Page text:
The Supreme Soviet of the USSR adopted the ‘Fundamental Principles of Civil Legislation for All Constituent Republics’ on 8 December 1961. The Supreme Soviet of the Ukrainian SSR adopted the present Civil Code of the Ukrainian SSR on 18 July 1963. Since the civil code incorporated the Union ‘fundamentals,’ it could hardly be regarded a free creation of the Soviet Ukrainian government.
The code regulated relations between persons and legal entities. It granted legal rights and privileges to all citizens of the Union of Soviet Socialist Republics and full legal responsibility to persons over 18 years of age. Because of the Soviet social and economic system, the civil code dealt extensively with legal entities. Most of them were state organizations through which the state entered into civil relations. The legal capacity of such entities (enterprises, collective farms, co-operatives, and mass organizations) was determined by law and by the organizations’ charters. The code specified four types of property: state property, co-operative property, property of mass (public) organizations, and personal property. The first three constituted ‘socialist property.’ State property included the land, natural resources, water, forests, industrial plants, mines, electric-power stations, means of transportation and communication, banks, and state-administered housing projects. It could be assigned for perpetual use to co-operatives, mass organizations, and, sometimes, to private persons. Only certain types of property could be sold to citizens, by special legislation. Private property of citizens was recognized by the code. It was considered as ‘derivative’ from socialist property, and the right to exercise ownership was limited. Only property that ‘served to satisfy their material and cultural needs’ (including earnings and savings) could be owned by citizens; it could not be used for purposes of ‘exploitation’ of other people. The code limited personal ownership to one house or apartment and to a specified living area (60 sq m per family).
Legal relations that arose between private persons did not differ in substance from those in non-Communist countries. Legal relations between socialist organizations (eg, state enterprises or collective farms) arose from acts of economic planning, which usually obligated these organizations to conclude pertinent contracts. The contractual autonomy of such organizations was restricted to secondary details (see Contract).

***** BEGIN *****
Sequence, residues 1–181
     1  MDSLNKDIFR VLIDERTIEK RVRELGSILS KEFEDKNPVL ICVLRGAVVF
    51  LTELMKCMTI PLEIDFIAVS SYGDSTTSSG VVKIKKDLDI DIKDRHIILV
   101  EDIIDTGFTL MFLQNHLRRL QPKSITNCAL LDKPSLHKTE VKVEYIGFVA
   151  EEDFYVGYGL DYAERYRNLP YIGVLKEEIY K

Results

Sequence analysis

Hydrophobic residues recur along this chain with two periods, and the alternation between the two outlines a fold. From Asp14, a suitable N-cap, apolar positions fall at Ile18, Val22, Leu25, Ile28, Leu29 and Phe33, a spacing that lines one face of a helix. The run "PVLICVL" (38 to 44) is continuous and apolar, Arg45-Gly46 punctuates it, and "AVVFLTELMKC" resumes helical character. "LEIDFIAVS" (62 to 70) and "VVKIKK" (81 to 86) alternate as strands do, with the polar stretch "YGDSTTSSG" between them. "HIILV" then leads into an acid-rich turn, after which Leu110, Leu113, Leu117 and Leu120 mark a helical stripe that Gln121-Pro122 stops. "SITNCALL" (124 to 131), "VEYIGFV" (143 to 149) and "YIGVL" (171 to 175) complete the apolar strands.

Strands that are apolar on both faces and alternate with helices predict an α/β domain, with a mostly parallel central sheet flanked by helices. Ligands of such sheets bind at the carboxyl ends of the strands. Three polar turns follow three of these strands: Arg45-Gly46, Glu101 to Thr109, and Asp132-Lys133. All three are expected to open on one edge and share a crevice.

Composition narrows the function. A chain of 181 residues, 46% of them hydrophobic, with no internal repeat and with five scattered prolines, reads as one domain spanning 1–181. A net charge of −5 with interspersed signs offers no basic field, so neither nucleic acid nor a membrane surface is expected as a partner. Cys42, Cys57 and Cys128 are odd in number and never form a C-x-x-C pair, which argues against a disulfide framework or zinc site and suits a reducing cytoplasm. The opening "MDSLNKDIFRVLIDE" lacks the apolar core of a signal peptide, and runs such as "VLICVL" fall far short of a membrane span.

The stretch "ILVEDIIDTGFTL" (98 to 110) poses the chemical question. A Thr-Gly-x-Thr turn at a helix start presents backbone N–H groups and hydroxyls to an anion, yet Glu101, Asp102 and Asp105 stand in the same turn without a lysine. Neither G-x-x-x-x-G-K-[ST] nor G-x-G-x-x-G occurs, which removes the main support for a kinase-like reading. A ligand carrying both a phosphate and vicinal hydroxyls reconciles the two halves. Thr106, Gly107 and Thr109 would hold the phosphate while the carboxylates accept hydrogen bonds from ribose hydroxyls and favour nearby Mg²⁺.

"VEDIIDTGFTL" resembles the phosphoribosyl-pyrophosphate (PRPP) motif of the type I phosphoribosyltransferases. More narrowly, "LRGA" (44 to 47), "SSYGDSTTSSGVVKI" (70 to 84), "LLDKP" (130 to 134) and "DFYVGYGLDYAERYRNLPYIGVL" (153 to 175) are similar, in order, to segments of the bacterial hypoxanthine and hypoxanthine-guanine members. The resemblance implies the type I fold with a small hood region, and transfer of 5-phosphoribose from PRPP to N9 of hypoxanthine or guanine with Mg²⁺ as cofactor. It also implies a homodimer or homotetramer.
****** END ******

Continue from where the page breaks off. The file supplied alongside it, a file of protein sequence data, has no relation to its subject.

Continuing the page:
The Civil Code of the Ukrainian SSR provided for the protection of the rights of authors, discoverers, and inventors but granted the state the right to utilize an invention for a determined fee. Inheritance was permitted in regard to private property. Citizens could bequeath their property to any person or legal entity. The law entitled two groups of heirs in case of intestate succession: (1) children, spouses, and parents and (2) brothers and sisters. However, regardless of any provision in a will, minor and incapacitated descendants retained the right to a certain portion of the estate.
Provisions concerning the family were contained in the separate Code Concerning Marriage and Family of the Ukrainian SSR of 20 June 1969. The objective of the code was the strengthening of the Soviet family on the basis of the ‘principles of Soviet morality’; it postulated ‘Communist upbringing’ of children as the obligation of the family. Parents could be deprived of their parental rights if they failed to fulfill their child-rearing obligations.
The equality of both spouses was assured in all respects. Marriage (registration by the civil registrar’s office) was the basis of family rights and obligations. A marriage could be terminated by annulment or by divorce through a people’s court. The code established the rights and duties of parents and children. Children born out of wedlock, with paternity established by joint parental application or court decision, had the rights and duties of legitimate children. Adoption was permitted and regulated by the code.
Leontovich, F. Ocherki istorii litovsko-russkogo prava (Kyiv 1894)
Maksimeiko, N. Russkaia Pravda i litovsko-russkoe pravo (Kyiv 1904)
Gsovski, V. Soviet Civil Law (Ann Arbor 1948)
Hordon, M. Radians’ke tsyvil’ne pravo (Kharkiv 1966)
Ministerstvo iustitsii Ukrainskoi SSR. Grazhdanskii kodeks Ukrainskoi SSR (Kyiv 1973)
[This article originally appeared in the Encyclopedia of Ukraine, vol. 1 (1984).]